Observation — H

In town the other day, I saw a mother and her child. They used the crosswalk to get across the street in front of us. They caught my attention because of HOW they went across. The mother was stiff-legged and stiff-armed, walking like a robot. Her little girl was imitating her. Their smiles and laughter told me of their delight in one another.

I kept watching them as the went down the sidewalk, the mother in the lead.

Her daughter wasn’t beside her, so she looked back.

With a knowing, loving smile on her face, she had stopped, turned partway around, and stretched out her hand for her daughter to come hold.

The girl saw the reaching hand. But, first, she fingered a chain stretched across a stairwell.

Still, the mother waited. Her expression remained the same. There wasn’t irritation. There were no reprimands. No expressed urgency. Just that Mona Lisa smile and the hovering, still, outstretched hand.

In the process of going toward her mom, a pretty flower got the girl’s attention. She remained on the sidewalk and examined the flower.

Staying still, the mother waited. The love remained on her face. The offered hand didn’t drop.

Meanwhile, the girl stayed on the sidewalk and was slowly making her way closer to that hand. Then, something at her feet caught her eye. An ant, perhaps.

The mother remained, still smiling, still ready to hold hands for the journey ahead.

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It seemed to me like that’s the relationship we can enjoy with God.

This mother and daughter knew each other. The bond was evident. The journey was together. They weren’t holding hands in the crosswalk, but they were still together, still delighting in one another. They weren’t holding hands yet on the sidewalk, but the mother was still watchful. The little girl had obviously been trained to use the crosswalk and to stay on the sidewalk.

Did the little girl have to run up and grab her mother’s hand immediately?
Obviously not.

Had the mother seen danger, would she have leapt into action or shouted a command?
I have no doubt of that.

If danger had suddenly loomed, would this little girl have responded immediately because of the change in posture or change in voice?
I think that is likely. Trust and love had already been established.

How do I know that?

I base it on the look of affection that little girl had given her mom as she imitated the robot-walk and they crossed the street the way only those two in their own little world could have.

I base it on the fact the little girl looked and saw the offered hand and started moving that direction.

I base it on the stillness of the mother and the steadfast love exhibited as she remained and watched with quiet understanding.

Although I couldn’t hear anything the girl might have been saying, I know most kids would be giving a running commentary and belting out questions about the chain and the flower and the ant and the sky and that tree over there and…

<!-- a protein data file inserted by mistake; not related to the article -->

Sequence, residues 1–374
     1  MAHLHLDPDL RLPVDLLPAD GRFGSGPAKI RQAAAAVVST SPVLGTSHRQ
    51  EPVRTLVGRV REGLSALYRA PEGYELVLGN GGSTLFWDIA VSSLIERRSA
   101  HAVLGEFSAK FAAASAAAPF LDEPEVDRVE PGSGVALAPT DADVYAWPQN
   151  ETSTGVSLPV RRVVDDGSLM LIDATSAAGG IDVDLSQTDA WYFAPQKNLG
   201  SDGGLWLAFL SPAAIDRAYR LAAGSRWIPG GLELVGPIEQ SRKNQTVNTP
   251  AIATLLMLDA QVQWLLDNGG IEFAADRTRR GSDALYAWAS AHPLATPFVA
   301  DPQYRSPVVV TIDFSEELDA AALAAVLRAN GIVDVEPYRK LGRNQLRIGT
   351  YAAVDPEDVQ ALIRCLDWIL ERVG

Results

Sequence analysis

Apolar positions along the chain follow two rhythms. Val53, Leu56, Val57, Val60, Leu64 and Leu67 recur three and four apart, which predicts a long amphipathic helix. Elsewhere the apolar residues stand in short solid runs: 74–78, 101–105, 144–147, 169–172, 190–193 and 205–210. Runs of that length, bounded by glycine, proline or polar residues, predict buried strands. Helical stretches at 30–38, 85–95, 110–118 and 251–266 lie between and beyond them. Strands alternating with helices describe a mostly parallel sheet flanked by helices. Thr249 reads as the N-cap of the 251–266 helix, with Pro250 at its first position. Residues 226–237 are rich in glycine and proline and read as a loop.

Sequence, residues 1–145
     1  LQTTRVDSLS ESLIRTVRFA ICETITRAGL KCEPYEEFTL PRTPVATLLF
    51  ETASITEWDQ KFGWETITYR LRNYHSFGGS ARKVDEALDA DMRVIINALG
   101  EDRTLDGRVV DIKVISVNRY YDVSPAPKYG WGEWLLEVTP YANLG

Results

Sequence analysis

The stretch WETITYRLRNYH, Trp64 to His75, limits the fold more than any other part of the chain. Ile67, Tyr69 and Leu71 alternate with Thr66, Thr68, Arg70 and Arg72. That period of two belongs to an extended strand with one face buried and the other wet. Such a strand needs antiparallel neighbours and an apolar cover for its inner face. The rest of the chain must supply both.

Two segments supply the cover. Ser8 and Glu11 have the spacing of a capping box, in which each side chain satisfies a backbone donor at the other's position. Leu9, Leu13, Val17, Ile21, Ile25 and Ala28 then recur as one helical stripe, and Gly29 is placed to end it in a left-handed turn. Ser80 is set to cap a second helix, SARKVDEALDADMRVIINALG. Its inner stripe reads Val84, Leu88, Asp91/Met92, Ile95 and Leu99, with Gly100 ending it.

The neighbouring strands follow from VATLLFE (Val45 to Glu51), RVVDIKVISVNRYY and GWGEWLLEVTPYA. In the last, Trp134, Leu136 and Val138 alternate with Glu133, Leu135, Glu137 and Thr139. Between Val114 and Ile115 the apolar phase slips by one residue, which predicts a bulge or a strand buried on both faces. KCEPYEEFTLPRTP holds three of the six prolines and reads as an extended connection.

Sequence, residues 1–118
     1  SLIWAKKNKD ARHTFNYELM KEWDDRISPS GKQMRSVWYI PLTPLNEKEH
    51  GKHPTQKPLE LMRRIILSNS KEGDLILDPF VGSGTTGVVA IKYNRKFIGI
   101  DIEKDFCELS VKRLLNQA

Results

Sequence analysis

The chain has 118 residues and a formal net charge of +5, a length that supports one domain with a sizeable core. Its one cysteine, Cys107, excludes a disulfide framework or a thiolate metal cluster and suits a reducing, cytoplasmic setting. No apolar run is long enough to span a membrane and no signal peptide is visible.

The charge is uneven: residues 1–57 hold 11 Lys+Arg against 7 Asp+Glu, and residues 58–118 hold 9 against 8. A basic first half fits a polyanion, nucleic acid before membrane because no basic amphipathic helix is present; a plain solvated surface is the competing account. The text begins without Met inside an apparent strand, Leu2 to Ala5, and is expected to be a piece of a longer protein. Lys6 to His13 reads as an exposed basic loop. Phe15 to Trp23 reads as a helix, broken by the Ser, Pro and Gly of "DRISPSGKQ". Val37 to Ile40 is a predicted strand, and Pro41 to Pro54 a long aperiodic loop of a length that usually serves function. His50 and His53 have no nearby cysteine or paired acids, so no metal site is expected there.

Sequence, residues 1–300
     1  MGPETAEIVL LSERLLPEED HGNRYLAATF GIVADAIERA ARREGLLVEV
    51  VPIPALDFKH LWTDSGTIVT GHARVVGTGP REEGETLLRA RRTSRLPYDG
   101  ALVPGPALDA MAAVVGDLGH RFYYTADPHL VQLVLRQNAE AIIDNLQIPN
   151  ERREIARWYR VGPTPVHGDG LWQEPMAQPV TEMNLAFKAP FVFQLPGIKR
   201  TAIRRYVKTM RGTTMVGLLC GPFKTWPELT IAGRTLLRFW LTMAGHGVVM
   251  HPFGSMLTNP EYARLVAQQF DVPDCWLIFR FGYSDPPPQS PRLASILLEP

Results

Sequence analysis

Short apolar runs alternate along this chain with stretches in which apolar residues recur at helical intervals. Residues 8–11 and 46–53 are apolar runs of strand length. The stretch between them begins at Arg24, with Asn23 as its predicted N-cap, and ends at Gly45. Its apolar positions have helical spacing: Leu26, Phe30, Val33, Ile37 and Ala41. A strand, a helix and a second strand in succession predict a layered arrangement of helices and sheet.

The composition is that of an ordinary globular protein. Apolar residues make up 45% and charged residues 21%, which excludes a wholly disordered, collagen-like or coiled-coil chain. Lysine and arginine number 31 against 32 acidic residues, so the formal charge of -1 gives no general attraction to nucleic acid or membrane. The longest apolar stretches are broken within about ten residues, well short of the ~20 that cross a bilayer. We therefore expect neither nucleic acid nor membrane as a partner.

Although we turned the corner and I never saw whether or not their hands ever connected, do I think they did?
I think it is likely. And, I don’t think it would have been the first time they held hands. Probably not the last.

And, once their hands finally connected and the mother led the way, did the child know the destination? I don’t know. Does it matter?

What if the child had managed to run off, get lost, finally find out where home is, and went running to the door? Is this the likely scenario?
Opening the door, the mother says, “Depart from here. I don’t know you!”

Matthew 7:7-14 (LEB) — “Ask and it will be given to you; seek and you will find; knock and it will be opened for you. For everyone who asks receives, and the one who seeks finds, and to the one who knocks it will be opened. Or what man is there among you, if his son will ask him for bread, will give him a stone? Or also if he will ask for a fish, will give him a snake? Therefore if you, although you are evil, know how to give good gifts to your children, how much more will your Father who is in heaven give good things to those who ask Him? Therefore in all things, whatever you want that people should do to you, thus also you do to them. For this is the law and the prophets. Enter through the narrow gate, because broad is the gate and spacious is the road that leads to destruction, and there are many who enter through it, because narrow is the gate and constricted is the road that leads to life, and there are few who find it!”

Let’s stick to the narrow sidewalk, beside Him every day and grasping at those opportunities to imitate Him and to grab His offered hand. It is a wondrous thing to be called His son or His daughter!